By Haylee Pence
PIQUA — The Piqua Commissioners met during their regularly scheduled time at 6 p.m. on Tuesday, Dec. 7.
To begin the meeting, Paul Green with the Piqua Association of Churches presented the “Hero of Faith” award to Commissioner Kazy Hinds. Hinds was set to receive this award during 2020, but with the pandemic, they held off for a year.
“Whether it be their loving compassion or overseeing the shelter, they gave warmth and comfort to many people and families,” Green said about the recipient during his speech. Green also went on to say Hinds is an “exceptional leader.”
Commissioner Kazy Hinds, in response to receiving this award, said, “it’s truly an honor,” and “it’s an honor to add [her] name” to the list of incredible people who have helped serve the Piqua community.
The commissioners later tabled a resolution to consent to an agreement with the Ohio Department of Transportation (ODOT) for an Intersection Improvement Project. This project would put in a roundabout at the intersection of County Road 25A and Looney Road. The project was presented to the commissioners by City Engineer Amy Havenar.
At their last meeting, they were waiting to hear about federal funding, which they received at about $1.45 million. Havenar approached the commissioners to pass consent legislation to begin programming with ODOT, which is the first step in this project. Additional funding is being sought after through the Ohio Public Works Commission. The local share of funding, which would be provided by the city of Piqua, is about $855,000. If they were to receive additional funding from the Ohio Public Works Commission, it could cut the local share of funding to approximately $400,000.
The federal funds can “only be used for this project,” Havenar clarified in response to Commissioner Chris Grissom after asking if the project could be on hold until funds are secured. Therefore, if the project is on hold, the funds will be lost, which according to Hinds, “can impact future funding.”
The design and environmental aspects of this project are already in the 2022 budget for $190,000.
The addition of a roundabout at this location is to help traffic flow, especially during busier times, like when the schools let out for the day. According to Havenar, “the schools have reached out and asked about this intersection,” specifically when the roundabout was put in at the Garbry and Looney roads intersection.
“Right now, this project is set to be constructed in the summer of 2025,” said Havenar.
With many questions still about funding and the need of this project, the commissioners voted to table the resolution until their first meeting in January with three votes to table, including Grissom, Mayor Kris Lee, and Commissioner Thomas Fogt, and two who didn’t vote, including Hinds and Commissioner Cindy Pearson.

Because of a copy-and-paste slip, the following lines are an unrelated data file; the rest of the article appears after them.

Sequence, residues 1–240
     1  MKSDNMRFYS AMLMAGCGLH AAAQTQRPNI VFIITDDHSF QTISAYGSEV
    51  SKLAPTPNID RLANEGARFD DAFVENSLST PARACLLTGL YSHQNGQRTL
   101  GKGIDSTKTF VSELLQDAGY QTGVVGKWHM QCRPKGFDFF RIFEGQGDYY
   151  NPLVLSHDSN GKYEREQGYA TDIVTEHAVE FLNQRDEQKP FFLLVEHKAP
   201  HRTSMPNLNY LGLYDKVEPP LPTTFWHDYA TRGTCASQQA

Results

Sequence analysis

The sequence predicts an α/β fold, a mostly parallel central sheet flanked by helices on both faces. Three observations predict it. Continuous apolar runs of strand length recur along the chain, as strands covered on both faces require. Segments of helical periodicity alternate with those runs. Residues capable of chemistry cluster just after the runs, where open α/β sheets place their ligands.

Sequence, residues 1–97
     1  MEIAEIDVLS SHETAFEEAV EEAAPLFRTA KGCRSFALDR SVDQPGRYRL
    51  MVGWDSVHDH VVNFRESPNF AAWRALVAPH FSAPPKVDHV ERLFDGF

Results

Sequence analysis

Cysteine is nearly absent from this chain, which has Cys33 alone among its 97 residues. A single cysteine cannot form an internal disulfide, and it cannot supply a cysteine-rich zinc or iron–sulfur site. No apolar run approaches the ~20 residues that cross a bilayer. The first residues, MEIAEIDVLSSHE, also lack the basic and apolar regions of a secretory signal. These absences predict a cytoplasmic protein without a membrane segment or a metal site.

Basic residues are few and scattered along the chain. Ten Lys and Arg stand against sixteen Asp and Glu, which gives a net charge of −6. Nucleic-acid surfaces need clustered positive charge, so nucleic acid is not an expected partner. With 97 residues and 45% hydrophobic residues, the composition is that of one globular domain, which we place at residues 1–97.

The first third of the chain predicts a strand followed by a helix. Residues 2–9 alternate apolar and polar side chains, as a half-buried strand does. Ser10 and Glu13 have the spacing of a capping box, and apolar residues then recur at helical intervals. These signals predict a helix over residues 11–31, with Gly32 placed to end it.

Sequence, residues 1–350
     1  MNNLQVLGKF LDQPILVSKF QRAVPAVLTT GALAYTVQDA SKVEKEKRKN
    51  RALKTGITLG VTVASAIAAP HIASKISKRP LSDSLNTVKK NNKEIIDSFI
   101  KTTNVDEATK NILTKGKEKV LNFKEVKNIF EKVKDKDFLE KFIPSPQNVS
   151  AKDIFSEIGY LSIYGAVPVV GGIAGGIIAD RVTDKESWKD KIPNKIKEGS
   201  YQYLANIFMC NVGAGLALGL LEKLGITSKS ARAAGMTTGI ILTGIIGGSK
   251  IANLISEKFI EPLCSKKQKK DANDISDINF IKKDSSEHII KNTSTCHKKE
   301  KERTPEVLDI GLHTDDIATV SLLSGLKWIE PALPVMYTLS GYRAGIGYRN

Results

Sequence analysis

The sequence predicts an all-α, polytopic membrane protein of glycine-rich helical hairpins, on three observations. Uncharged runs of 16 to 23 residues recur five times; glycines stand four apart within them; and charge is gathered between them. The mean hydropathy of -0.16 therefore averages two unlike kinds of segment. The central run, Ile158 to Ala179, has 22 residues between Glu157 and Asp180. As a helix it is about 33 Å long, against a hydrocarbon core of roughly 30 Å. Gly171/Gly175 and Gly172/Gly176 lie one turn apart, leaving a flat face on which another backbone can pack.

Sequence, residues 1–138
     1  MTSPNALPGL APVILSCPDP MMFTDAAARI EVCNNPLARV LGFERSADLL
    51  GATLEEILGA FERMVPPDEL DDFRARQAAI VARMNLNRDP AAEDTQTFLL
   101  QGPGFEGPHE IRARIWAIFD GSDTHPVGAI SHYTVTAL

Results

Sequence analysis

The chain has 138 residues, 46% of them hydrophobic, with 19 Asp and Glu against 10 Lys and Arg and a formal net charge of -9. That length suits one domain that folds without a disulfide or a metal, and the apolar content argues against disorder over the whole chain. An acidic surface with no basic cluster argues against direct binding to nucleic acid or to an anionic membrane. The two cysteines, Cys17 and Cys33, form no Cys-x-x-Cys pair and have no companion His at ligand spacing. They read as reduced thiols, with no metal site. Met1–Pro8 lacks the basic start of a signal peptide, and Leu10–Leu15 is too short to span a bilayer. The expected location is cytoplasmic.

The commissioners authorized a purchase of a Freightliner MT-55 with utilimaster body service truck to replace their 2006 service truck. The cost of this purchase is $164,000. This purchase was originally budgeted for 2021, and the funds will roll over to the 2022 year. The service truck will be used by construction crews, and it will have a built-in air compressor and generator, which will be useful for usage of tools and charging tools.
A resolution to authorize a contract with Kellermeyer Bergenson’s Service, LLC (KBS) was brought to the commissioners as well, which was approved. The contract allows employees of KBS to provide cleaning services to the city of Piqua’s buildings.
Another resolution was brought to the commissioners for a lease agreement with Enterprise FM Trust to lease vehicles for city usage.
The commissioners also heard a second reading on four ordinances involving city of Piqua employee wages and insurance, as well as the 2022 budget.
Following the resolutions and ordinances, the floor was opened to hear comments, questions, and concerns from Piqua residents. Only one individual approached the podium, Stephen Smitley. Smitley voiced his concerns about the Piqua DORA.
The commissioners then provided updates. Amy Welker, director of Health and Sanitation, informed the commissioners that the Sanitation Automation Project is moving forward and will begin in January. This project is to help increase the safety of employees and protect infrastructure, like alleyways. At some locations, collection will be moving to the streets. Welker also informed them of the Fall Prevention Program, which allows anyone over 65 or disabled to apply to have their trash cans moved by city employees if the trash cans are in a convenient place.
The commissioners wrapped up the meeting by encouraging Piqua residents to “stay safe driving” and to “check on your neighbors.”
The next commissioner meeting will be held at 6 p.m. on Tuesday, Dec. 14.